Because they’re still figuring out how to build their ad business model around voice. Google reported that mobile searches are less profitable with less revenue per click, and the company is still really early in figuring out how to do voice search ads. Google’s CEO Sundar Pichai has also been quiet when Wall Street analysts ask him how they will monetize voice search. Google just doesn’t know — they are running all sorts of internal experiments right now on voice ads. Their engineers are quiet because they have to figure out how to disrupt their own cash cow business of desktop and mobile search.
What does the rise of voice search mean?
Speech will take over typing and texting because it is 3x as fast with 20% fewer errors
Researchers at the Stanford Human Computer Interaction Lab found that with speech recognition, the English input rate was 3.0x faster, and the Mandarin Chinese input rate 2.8x faster, than a state-of-the-art miniature smartphone keyboard. Further, with speech, the English error rate was 20.4% lower, and Mandarin error rate 63.4% lower, than the keyboard.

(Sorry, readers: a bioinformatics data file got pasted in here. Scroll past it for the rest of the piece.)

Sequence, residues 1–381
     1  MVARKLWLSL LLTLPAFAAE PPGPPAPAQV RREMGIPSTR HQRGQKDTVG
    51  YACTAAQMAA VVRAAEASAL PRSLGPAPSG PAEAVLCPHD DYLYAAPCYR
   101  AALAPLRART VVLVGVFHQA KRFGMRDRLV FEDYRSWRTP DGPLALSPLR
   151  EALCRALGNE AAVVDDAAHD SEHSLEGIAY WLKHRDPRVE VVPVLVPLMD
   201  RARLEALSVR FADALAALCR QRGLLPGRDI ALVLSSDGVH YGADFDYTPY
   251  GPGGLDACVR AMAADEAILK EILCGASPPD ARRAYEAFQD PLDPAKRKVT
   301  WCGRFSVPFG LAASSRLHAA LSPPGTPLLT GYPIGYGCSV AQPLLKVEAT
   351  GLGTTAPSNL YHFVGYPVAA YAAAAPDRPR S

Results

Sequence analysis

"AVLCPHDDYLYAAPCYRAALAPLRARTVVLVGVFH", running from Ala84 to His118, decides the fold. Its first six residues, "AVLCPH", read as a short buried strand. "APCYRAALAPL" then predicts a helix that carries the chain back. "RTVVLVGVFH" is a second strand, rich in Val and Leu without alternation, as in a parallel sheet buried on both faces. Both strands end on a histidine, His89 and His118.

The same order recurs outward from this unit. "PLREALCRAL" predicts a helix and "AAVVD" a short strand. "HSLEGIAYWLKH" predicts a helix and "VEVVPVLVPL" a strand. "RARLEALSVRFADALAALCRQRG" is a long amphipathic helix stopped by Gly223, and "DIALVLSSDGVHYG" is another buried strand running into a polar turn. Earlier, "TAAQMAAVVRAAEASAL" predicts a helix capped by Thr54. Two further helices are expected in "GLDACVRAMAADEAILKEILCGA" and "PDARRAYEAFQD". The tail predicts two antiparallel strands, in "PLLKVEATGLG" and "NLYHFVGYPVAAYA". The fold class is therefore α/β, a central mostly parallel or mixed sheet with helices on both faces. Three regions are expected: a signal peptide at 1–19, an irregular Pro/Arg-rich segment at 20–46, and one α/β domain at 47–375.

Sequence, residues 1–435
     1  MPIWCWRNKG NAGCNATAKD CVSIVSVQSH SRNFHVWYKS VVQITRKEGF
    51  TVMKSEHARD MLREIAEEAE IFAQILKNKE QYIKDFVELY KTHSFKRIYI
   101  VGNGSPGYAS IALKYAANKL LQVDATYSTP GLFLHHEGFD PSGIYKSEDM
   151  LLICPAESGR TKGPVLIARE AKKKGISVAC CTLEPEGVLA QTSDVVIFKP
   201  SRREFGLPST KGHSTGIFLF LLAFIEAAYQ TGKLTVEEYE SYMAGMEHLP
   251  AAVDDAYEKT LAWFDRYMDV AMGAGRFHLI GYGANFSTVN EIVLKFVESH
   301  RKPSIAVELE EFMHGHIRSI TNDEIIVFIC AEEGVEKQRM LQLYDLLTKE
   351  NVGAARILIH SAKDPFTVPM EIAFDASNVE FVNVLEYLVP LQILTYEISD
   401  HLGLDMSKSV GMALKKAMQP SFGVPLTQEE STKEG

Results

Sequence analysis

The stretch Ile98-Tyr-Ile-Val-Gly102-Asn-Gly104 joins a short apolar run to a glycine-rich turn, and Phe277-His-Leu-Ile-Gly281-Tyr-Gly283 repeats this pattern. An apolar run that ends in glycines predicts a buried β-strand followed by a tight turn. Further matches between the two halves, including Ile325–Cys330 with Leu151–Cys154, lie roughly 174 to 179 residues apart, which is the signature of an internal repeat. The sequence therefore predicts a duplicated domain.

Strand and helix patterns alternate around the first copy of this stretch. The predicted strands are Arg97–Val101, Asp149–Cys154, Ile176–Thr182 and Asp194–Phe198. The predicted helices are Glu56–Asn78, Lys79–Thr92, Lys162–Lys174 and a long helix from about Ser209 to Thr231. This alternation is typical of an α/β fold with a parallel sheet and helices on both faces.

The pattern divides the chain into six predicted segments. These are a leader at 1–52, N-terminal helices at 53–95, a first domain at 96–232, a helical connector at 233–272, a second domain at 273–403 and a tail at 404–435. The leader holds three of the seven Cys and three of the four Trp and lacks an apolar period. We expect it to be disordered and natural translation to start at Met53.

Websites on the open web are over — no one spends time in browsers
Content creators will have to partner with Google Assistant and Actions, as the new platform, or other interactive platforms like Amazon Alexa, Facebook Messenger, or Snapchat. Websites are losing out as US users spend more time using apps than watching TV, and roughly 33% of time is spent on Facebook / Snapchat / and text messaging versus 8% of time in browsers. It’s also likely that the app world is over, as a majority of US smartphone owners download zero apps per month and spend most of their time on a few app platforms like Facebook, Messenger, Snapchat, and so on.